It didn’t help that the night before this ride, the team car had had a puncture on the motorway and they didn’t get to their hotel until 3am. So it wasn’t just tired legs that had to be dragged out of bed so they could ride the toughest route of the eight days but very tired and sleep deprived bodies.
But ride it they did and that, and every other day, was an example of how taking on such a challenge was no easy thing to do. Phil and James, with help on and off the bike, from so many supporters of what they were doing, completed the ride in London and even joked about doing the route in reverse back to Pembrey!
Our congratulations to them for completing the route and fingers crossed they meet or even surpass their target for the Dave Rayner Fund.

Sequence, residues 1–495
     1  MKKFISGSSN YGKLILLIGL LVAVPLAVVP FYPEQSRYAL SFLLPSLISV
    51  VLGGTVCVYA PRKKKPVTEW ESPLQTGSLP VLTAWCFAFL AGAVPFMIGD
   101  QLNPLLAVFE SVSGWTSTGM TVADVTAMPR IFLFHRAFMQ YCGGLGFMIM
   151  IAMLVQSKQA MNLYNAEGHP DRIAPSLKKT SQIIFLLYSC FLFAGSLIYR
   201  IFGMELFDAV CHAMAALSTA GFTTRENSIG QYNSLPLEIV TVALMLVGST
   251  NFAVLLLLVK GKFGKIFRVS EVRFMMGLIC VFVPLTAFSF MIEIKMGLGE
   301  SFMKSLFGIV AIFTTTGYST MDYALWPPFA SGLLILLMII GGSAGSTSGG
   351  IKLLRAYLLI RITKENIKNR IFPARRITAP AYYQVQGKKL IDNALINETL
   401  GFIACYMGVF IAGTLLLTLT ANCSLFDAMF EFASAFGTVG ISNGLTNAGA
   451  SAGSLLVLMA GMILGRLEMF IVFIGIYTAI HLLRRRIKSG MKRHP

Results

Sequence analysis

Footnote: A sad conclusion however of the week long charity rid was that whilst Phil and James recovered from their effort in London, Phil’s Canyon SL Ultimate bike was stolen from the roof a team car. It was a one off bike.
Details of the bike are Pro Tool Cycleworks 50mm wheels, Ultegra groupset, Conti tyres, Look Keo pedals,Bontrager Montrose Elite Saddle (non std), Stages Power meter on LH crank arm (diff colour black than right arm), Red DT Swiss hubs on 50mm Pro-Tool carbon rims (non std). This is an upgraded spec bike to a std SL so it is a one-off.
If you want to see more on the ride, take a look and follow Phil’s Twitter feed.